[Date].[Calendar].[Month].MEMBERS,

{[Date].[Calendar].CURRENTMEMBER}

*

HEAD(ORDER([Customer].[Customer].[Customer].MEMBERS,

[Measures].[Internet Sales Amount],

BDESC),2)

),

[Measures].[Internet Sales Amount])

);

You can then use this calculated measure in your query as follows:

SELECT

{[Measures].[Internet Sales Amount]} ON 0,

STRTOSET(MEASURES.REPORTROWS)

ON 1

FROM [Adventure Works]

WHERE([Product].[Category].&[3])

Having done this, on my laptop the query is just as slow as before the first time it is run but on subsequent executions it returns almost instantly. This is because the first time the query is run the set expression used on rows is evaluated inside the calculated measure ReportRows and it is then turned into a string using the SetToStr() function; this string is then returned on the rows axis of the query and converted back to a set using the StrToSet() function. The second time the query is run the string returned by the ReportRows measure has already been cached by the Formula Engine, which explains why it is so fast.

Couldn’t I have used a static named set declared on the cube to do this instead? I could, if I knew that the Where clause of the query would never change, but if I wanted to change the slice and look at a different Product Category I would expect to see a different set of rows displayed. While in theory I could create one gigantic named set containing every set of rows that ever might need to be displayed and then display the appropriate subset based on what’s present in the Where clause, this set could take a very long time to evaluate and thus cause performance problems elsewhere. The beauty of the calculated measure approach is that if you change the Where clause the calculated measure will cache a new result for the new context.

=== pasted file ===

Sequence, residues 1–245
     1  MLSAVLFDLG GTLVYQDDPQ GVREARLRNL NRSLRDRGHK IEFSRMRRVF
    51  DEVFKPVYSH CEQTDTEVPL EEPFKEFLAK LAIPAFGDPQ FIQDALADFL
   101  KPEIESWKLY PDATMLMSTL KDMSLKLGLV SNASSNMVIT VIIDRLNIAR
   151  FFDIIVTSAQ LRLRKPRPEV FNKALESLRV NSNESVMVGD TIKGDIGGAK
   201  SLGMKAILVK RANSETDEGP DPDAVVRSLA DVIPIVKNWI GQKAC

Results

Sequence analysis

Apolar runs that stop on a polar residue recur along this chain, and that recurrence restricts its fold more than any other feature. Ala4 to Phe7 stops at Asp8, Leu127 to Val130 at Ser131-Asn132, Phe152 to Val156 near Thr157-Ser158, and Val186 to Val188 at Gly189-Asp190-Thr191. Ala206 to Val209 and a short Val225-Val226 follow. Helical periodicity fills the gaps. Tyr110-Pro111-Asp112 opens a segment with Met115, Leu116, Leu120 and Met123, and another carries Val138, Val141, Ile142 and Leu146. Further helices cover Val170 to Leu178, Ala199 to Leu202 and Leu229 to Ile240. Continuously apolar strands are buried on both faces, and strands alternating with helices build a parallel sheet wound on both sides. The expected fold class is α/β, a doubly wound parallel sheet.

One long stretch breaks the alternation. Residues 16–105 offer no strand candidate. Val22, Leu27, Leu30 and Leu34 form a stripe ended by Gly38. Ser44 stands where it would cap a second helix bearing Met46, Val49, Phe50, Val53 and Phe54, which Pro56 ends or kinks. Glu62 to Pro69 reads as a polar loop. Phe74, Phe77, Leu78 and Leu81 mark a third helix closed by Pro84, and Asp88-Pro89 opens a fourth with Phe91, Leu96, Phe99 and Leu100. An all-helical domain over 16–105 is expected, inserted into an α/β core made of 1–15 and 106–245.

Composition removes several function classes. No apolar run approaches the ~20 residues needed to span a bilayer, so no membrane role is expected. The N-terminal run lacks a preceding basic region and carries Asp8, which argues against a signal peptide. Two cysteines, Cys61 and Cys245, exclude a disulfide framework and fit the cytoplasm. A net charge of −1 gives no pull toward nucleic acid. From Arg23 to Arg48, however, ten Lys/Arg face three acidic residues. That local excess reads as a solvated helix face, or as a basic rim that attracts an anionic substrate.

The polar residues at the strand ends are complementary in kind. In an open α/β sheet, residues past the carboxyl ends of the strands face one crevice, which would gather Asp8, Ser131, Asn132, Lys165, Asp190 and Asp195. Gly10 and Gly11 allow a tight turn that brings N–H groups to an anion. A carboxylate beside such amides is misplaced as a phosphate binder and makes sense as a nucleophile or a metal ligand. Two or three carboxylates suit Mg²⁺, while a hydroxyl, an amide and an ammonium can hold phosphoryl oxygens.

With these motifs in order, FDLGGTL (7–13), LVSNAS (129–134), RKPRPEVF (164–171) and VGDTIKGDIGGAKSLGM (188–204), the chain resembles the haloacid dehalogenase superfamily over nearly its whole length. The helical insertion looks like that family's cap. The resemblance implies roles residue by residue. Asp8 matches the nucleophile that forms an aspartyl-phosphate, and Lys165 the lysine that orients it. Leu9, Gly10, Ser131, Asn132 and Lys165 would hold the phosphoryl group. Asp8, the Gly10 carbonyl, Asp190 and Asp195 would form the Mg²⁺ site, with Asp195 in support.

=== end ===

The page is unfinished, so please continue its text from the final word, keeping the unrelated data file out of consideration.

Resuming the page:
There are some things to watch out for if you use this technique, however:

  • It relies on Formula Engine caching to work. That’s why I declared the calculated measure on the cube – it won’t work if the calculated measure is declared in the WITH clause. There are a lot of other things that you can do that will prevent the Formula Engine cache from working too, such as declaring any other calculated members in the WITH clause, using subselects in your query (unless you have SSAS 2012 SP1 CU4), using non-deterministic functions and so on.
  • Remember also that users who are members of different roles can’t share formula engine caches, so if you have a lot of roles then the effectiveness of this technique will be reduced.
  • There is a limit to the size of strings that SSAS calculated measures can return, and you may hit that limit if your set is large. In my opinion an SSRS report should never return more than a few hundred rows at most for the sake of usability, but I know that in the real world customers do love to run gigantic reports…
  • There is also a limit to the size of the Formula Engine flat cache (the cache that is being used here), which is 10% of the TotalMemoryLimit. I guess it is possible that if you run a lot of different queries you could hit this limit, and if you do then the flat cache is completely emptied.

Written by Chris Webb

November 4, 2013 at 9:30 am